Hello (again) Dolly Parton: Uniting artists and fans across genres and generations

Find me a person who doesn’t like Dolly Parton, and I’ll show you someone who simply hasn’t heard enough Dolly Parton. She’s country music for people who don’t like country music; an iron fist in a pink velvet glove; a pleasure that even the most serious muso would hesitate to call ‘guilty’. She’s the only woman in the world to have her own theme park. Her appeal spans the globe, and at 73 her fanbase – much like Dolly, the joke she’d probably make herself – is looking younger and younger.

She never really went away, but it’s fair to say we’re currently in the midst of a full-blown DP renaissance. First came the Broadway and West End productions of 9 to 5: The Musical, a timely refresh of the working women’s revenge story for the #MeToo generation. Last year, there was Dumplin’, the coming-of-age movie scored by Parton. BBC Two will air new documentary Dolly’s Country before the end of the year, while Netflix has just released Dolly Parton’s Heartstrings, a fictional eight-part anthology inspired by her archives.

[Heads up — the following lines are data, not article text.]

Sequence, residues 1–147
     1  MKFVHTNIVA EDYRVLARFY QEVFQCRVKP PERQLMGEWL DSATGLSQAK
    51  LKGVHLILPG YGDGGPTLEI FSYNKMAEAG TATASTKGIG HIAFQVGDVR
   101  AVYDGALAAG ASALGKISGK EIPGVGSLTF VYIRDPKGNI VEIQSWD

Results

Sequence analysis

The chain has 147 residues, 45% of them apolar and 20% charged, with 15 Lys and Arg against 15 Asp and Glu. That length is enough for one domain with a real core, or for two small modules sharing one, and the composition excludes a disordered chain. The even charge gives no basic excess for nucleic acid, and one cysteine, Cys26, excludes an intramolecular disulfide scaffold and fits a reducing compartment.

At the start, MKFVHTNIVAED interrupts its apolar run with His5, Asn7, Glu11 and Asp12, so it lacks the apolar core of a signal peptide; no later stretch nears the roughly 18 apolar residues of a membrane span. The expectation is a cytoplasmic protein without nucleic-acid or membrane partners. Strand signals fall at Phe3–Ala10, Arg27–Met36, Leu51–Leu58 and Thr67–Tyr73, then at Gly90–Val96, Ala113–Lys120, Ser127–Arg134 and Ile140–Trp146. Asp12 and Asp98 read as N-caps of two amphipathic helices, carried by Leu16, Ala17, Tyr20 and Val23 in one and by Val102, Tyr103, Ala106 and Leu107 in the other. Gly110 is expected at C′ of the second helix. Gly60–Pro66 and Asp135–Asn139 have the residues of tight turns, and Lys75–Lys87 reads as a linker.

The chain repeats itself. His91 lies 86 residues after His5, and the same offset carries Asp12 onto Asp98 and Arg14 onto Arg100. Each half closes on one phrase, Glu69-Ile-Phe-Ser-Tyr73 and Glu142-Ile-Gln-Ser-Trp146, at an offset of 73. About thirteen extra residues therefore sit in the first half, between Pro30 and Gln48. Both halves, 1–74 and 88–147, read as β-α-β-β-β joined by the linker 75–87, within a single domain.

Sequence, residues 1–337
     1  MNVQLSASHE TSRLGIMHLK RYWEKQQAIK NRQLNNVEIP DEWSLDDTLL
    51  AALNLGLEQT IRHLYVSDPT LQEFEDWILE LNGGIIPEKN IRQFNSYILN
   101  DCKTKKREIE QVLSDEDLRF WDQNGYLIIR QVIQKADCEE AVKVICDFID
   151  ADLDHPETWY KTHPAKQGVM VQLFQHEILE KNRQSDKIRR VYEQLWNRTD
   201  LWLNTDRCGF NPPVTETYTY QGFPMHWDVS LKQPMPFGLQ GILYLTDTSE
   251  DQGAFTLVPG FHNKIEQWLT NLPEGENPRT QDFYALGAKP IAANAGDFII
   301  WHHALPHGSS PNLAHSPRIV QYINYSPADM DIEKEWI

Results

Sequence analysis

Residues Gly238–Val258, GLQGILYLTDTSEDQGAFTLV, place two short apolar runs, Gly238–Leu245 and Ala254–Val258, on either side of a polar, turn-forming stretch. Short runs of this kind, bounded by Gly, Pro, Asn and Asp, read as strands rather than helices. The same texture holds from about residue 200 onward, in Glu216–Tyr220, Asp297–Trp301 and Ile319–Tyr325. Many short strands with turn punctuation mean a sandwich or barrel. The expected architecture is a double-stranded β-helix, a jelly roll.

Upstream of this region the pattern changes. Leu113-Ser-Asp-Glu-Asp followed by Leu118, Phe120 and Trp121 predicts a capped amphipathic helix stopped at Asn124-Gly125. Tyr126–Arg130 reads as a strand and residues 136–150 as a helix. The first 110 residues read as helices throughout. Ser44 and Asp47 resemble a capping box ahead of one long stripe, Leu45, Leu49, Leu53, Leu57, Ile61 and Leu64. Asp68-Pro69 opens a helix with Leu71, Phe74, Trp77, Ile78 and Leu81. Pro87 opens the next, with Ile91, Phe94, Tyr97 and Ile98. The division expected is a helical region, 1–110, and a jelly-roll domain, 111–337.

Then there’s Dolly Parton’s America, a WNYC podcast currently riding high in the iTunes chart. Two years in the making, the series is a nine-part excavation that dives deep into the singer’s career, her ambiguous politics and her famously humble beginnings as one of 12 children raised in a one-room cabin in the Smoky Mountains of Tennessee – also host and co-producer Jad Abumrad’s home state, where Dolly mythology “infused the air” as he was growing up. More than just a biography, the podcast is a pop cultural odyssey that journeys far beyond the expected, as it attempts to answer the question: what can Dolly Parton tell us about modern-day America?

Abumrad tells me the podcast’s reception seems to go deeper than a renewed appreciation for Parton’s music. “People are ready to see Dolly Parton in a new way,” he says. “It’s like she’s the folk hero we need right now.”